Basic Tips Of Training a Draft Horse – Clydesdale Training

Basic Training a Draft Horse - Clydesdale Training

As you may already know draft horses or draught horses are one of the largest breeds of horses and has been throughout history. They were bred to be a strong heavy horse to carry out different tasks on the farm from ploughing, forestry, coal and transporting of heavy materials. Known for being the Gentle Giants. There are a variety of draft breeds with different characteristics. While each draught horse possesses different characteristics they still have some common traits. These traits include patience, strength, agility and great and submissive temperament as well as a calm nature. For these reasons alone, makes them exceptional for farmers.

As mentioned above draft horses were the animals that kept agriculture going, But did you know that they were also used as warhorses. They were used by soldiers kept the armies operating better. They were very prevalent during world war I to support the military before motor vehicles became a reliable substitute.

With increasing mechanization in the late 19th century, and in the 20th century, there began a decline in the draft horse population. Especially after World War I and after World War II, the motor vehicle and the tractor lessened the need for the draught horse. A lot of them were sold to slaughter and a huge number of draft horse breeds went on the decline.

Although they may not be used in the same way in what they were historically used for, they are used many other ways in today’s world. Some are trained to pull carts and wagon, some although a small amount are still used in agriculture and then others are used for pleasure for riding and trail riding. There are also extremely great show horses.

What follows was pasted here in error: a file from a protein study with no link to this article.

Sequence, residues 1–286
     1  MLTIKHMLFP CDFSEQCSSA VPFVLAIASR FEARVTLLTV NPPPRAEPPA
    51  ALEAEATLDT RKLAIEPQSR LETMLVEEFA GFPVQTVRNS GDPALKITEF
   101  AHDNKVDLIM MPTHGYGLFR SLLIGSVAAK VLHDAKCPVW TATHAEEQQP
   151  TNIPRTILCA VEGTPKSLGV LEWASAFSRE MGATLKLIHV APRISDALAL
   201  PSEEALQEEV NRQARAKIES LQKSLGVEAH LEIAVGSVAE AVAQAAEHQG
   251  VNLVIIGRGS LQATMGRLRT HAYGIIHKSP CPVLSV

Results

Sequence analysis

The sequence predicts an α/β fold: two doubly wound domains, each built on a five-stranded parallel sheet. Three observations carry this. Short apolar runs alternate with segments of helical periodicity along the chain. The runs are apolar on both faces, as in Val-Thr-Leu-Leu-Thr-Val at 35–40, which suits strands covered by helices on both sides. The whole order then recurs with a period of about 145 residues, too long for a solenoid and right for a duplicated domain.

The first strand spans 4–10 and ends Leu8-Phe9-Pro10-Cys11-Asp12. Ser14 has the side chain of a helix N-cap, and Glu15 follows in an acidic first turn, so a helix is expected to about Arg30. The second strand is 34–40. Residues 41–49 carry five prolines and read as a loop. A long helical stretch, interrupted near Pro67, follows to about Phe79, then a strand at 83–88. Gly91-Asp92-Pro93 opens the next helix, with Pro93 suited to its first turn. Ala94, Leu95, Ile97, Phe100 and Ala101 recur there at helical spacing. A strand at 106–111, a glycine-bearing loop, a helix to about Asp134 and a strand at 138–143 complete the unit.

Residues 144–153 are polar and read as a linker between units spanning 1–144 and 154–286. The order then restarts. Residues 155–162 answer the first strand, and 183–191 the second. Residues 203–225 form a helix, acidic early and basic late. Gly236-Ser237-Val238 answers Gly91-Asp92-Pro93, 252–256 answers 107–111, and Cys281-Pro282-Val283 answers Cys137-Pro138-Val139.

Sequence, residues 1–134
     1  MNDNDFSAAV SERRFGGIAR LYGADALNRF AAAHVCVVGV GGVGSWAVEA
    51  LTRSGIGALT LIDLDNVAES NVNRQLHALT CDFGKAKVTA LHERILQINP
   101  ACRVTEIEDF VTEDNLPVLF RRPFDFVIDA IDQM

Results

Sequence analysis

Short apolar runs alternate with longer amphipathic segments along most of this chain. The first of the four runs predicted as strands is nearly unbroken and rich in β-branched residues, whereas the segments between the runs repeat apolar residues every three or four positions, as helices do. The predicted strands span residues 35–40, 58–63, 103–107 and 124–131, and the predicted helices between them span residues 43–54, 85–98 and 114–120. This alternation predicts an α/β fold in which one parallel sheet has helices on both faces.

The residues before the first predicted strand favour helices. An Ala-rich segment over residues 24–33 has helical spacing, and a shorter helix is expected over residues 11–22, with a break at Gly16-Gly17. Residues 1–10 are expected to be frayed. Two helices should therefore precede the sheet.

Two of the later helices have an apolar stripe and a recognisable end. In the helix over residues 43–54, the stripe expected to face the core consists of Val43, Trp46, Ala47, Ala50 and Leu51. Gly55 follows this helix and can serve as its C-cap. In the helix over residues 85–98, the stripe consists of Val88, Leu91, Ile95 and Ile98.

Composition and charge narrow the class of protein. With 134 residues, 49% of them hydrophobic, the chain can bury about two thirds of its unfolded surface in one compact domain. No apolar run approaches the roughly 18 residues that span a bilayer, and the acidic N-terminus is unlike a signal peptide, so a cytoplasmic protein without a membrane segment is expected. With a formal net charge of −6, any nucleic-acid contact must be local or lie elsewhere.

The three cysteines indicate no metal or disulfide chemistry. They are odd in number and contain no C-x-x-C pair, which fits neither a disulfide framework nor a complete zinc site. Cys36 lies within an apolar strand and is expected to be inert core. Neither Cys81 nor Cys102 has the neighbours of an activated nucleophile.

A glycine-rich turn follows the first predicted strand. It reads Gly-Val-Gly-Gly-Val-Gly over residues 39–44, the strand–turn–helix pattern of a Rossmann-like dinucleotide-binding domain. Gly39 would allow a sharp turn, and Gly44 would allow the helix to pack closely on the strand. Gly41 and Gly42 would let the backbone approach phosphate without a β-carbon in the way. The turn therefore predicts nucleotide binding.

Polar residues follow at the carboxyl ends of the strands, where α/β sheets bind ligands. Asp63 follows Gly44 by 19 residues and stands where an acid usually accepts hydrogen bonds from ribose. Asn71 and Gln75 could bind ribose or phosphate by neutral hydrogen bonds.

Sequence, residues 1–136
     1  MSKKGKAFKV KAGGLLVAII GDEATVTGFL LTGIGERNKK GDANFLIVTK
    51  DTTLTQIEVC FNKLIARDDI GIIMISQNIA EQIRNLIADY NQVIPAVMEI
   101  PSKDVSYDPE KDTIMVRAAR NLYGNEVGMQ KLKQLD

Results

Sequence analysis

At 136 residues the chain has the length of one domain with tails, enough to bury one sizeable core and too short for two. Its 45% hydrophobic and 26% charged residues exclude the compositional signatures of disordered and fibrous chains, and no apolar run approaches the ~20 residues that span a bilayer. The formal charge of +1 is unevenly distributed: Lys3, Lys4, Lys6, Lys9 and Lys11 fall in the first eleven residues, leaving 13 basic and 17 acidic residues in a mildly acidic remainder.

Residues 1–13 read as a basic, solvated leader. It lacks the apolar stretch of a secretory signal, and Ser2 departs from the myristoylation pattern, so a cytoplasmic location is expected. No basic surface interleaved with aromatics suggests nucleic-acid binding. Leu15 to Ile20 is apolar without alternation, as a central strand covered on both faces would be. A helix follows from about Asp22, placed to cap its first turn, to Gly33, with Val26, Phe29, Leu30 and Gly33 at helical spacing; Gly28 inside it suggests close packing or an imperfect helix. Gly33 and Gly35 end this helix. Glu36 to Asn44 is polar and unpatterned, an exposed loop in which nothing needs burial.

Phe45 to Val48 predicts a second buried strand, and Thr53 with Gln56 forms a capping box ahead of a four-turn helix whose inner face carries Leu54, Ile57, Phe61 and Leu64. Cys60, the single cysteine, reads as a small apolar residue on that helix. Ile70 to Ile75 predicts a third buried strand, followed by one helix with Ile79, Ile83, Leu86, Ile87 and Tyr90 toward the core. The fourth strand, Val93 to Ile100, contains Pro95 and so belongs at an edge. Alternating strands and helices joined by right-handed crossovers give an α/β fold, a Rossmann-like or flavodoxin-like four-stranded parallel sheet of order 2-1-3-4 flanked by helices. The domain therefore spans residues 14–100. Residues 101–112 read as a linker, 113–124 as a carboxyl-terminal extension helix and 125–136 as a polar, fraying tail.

Draught horses are to be trained much the same as any other horse. Although this is true you should assert certain other instructions. Their natural work ethic makes draft horses tremendously willing to learn. There is no difference in training the Clydesdale than any other draught horse just their personality.

As there are so many different draft breeds and also some that are crossed with other horses.

Draught horse or draft horse Training

Below is the Draft Cross Breeders and Owners Association recognizes these breeds as draught horses.

  1. American Cream Draft
  2. Ardennes
  3. Belgian or Brabant
  4. Boulonnais
  5. Breton
  6. Clydesdale
  7. Comtois
  8. Dole
  9. Dutch Draft
  10. Finnhorse
  11. Fjord
  12. Freiberger
  13. Friesian
  14. Haflinger
  15. Irish Draft
  16. Italian Heavy Draft
  17. Jutland
  18. Latvian
  19. Murakoz
  20. Noriker
  21. North Swedish Horse
  22. Percheron
  23. Pinto Draft
  24. Polish Draft
  25. Rhenish-German Cold Blood
  26. Russian Heavy Draft
  27. Schleswig Holstein
  28. Shire
  29. South German Coldblood
  30. Soviet Heavy Draft
  31. Spotted Draft Horse
  32. Suffolk Horse
  33. Vladimir Heavy Draft

Recommended Read

What Not To Feed Your Horse – Clydesdale Feeding?
Healthy Clydesdale – What to feed your Clydesdale?

Handling & Pre-Training

Any horse, not just a draft horse should be handled with care and with confidence. Plus always be aware that anything could happen when handling them or when near them. Whether it be a sudden scare from an animal, a noise or a sore spot on the horse just know of the danger that can occur.

baby draught horse clydesdale foal